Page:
FBR officials identified as non-filers
In the past two years, an alarming revelation has emerged regarding the Federal Board of Revenue (FBR) in Pakistan – more than 10,000 of its employees have been identified as non-filers of income tax returns. This situation has raised significant concerns about the effectiveness of efforts to formalize the economy and broaden the tax base, especially when the very organization responsible for tax collection struggles to ensure compliance among its own workforce in the tax years 2022 and 2023.
This trend of non-filing is particularly widespread among officials below grade-17 nationwide. Despite this high incidence, the FBR has yet to take action against these non-compliant employees.
The FBR’s total workforce comprises 25,000 individuals across the country, with officers above grade 17 numbering 1,700. In 2022, the number of non-filers among officers of grade 17 and above exceeded 500, slightly decreasing to around 300 in 2023. Even with a special extension until December 31, only 1,400 officers in this category filed their tax returns for 2023, highlighting persistent tax non-compliance among higher-grade officers.
For the tax year 2023, the Inland Revenue Service reported an 88 percent compliance rate among officers, while the customs group officer category showed an 80 percent compliance rate. The relatively high compliance rate for 2023 is attributed to the special extension granted by the FBR chairman, allowing employees until December 31 to file their returns, compared to the standard deadline for ordinary citizens, which expired on October 31.
Among officials below grade 17 across the country, the non-compliance rate for tax return filing ranges from 60 percent to 70 percent. This category comprises approximately 23,300 employees nationwide, with an estimated 10,000 employees consistently failing to file their returns, according to official estimates.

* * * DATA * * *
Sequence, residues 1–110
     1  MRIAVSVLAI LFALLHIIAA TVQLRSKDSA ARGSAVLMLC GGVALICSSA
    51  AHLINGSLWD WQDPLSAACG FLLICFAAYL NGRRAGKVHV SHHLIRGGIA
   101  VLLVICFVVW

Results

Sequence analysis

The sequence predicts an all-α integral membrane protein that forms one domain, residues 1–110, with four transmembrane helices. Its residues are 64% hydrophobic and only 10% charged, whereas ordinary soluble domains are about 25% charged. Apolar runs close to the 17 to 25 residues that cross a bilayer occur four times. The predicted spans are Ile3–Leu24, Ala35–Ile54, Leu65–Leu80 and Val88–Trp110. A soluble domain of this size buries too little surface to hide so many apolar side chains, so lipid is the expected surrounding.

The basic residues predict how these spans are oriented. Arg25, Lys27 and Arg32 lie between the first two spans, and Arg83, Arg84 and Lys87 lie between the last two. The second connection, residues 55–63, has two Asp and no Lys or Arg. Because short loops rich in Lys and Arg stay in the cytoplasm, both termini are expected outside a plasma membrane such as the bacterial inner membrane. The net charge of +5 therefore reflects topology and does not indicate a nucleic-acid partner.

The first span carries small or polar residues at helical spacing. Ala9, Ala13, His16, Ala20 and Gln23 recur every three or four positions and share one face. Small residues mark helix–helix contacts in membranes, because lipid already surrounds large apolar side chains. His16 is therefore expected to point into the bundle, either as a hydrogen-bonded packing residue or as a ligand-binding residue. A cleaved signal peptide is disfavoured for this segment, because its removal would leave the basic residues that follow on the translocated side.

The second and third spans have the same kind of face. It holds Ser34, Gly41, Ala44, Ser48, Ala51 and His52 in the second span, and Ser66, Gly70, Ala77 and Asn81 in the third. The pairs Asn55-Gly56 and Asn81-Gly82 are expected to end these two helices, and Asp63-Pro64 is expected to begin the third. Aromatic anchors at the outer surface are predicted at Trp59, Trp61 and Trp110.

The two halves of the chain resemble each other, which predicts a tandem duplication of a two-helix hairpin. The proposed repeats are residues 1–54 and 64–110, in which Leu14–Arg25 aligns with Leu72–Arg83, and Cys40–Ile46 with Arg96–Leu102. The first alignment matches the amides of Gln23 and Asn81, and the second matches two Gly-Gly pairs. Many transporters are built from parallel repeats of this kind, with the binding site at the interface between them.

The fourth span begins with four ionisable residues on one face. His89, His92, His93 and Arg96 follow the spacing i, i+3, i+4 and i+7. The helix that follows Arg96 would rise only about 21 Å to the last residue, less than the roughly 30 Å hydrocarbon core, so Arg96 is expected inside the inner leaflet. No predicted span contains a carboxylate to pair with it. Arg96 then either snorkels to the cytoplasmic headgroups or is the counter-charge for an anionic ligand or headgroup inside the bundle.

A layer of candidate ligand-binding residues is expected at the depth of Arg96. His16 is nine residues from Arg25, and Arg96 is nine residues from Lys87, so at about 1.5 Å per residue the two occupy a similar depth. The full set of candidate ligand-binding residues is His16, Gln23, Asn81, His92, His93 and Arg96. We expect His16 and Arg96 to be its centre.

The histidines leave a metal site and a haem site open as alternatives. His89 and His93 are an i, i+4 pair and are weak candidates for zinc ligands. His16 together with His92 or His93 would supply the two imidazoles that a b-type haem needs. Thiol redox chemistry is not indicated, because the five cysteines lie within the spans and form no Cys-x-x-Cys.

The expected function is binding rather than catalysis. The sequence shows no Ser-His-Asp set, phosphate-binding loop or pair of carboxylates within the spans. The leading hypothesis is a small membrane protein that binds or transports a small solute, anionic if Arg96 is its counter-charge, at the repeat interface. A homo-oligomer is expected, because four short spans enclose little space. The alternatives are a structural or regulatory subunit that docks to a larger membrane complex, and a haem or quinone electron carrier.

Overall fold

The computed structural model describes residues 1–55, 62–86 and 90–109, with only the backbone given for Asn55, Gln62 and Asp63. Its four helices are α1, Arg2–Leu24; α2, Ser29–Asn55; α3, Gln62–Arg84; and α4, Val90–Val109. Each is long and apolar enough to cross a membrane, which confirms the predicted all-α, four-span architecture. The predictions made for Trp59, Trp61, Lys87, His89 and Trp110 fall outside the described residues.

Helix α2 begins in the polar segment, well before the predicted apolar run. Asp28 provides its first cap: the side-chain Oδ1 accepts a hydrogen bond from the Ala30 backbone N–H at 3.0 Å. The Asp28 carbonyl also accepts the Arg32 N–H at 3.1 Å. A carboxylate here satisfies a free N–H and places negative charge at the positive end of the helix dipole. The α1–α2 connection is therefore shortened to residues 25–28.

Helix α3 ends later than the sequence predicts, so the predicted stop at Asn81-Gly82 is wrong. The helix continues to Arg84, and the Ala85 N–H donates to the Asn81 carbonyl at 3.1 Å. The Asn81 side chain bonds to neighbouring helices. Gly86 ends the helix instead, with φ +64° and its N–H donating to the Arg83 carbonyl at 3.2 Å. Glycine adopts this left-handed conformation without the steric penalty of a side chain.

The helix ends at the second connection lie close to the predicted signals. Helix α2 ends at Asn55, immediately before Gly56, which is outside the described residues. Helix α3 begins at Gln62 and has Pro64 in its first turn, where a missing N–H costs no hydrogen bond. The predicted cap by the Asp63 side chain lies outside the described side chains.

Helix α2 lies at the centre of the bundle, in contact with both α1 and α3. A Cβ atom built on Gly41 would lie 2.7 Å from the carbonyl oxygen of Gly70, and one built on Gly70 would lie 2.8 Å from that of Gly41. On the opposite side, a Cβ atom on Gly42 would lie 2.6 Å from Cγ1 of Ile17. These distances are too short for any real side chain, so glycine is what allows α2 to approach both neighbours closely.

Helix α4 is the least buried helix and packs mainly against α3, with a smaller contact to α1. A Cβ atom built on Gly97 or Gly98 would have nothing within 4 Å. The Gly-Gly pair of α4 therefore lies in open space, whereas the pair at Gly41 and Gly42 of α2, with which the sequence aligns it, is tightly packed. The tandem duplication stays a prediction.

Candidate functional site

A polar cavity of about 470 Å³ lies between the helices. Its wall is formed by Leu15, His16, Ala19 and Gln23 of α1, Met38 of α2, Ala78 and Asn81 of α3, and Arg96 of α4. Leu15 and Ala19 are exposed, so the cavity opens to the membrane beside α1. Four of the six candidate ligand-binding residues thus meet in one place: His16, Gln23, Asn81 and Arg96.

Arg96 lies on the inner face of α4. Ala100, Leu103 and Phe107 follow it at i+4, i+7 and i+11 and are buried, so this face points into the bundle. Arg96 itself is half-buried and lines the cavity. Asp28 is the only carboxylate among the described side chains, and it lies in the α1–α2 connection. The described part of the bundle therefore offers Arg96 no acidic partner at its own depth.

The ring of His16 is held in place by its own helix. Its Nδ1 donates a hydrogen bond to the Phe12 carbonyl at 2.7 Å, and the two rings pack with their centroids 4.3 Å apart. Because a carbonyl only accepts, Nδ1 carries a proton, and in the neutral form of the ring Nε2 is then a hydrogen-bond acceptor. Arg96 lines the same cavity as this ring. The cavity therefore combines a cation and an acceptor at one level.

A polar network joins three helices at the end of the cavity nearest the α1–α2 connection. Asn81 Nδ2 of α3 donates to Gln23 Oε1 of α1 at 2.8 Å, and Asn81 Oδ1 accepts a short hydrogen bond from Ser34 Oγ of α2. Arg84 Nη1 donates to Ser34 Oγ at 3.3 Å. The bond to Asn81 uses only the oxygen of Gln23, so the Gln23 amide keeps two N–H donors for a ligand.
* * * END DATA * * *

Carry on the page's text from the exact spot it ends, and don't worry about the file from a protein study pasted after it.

A recent audit conducted by the Chief Commissioner of the Regional Tax Office-1 in Karachi revealed that nearly 307 officers failed to file their tax returns for 2022 and 2023. If this audit were expanded to cover 22 Regional Tax Offices (RTOs), two Corporate Tax Offices (CTOs), and three Large Taxpayer Units (LTUs), the number of non-compliant officials could potentially reach into the thousands.
The FBR has issued a stern warning that those failing to file returns before December 31 will face penalties. However, the prevailing levels of non-compliance within the FBR itself raise concerns about the possibility that these non-compliant officers may be contributing to the widening of the country’s already narrow tax base. This issue underscores the need for a comprehensive strategy to address tax compliance, even within the tax collection agency, to strengthen Pakistan’s revenue collection efforts and promote fiscal responsibility.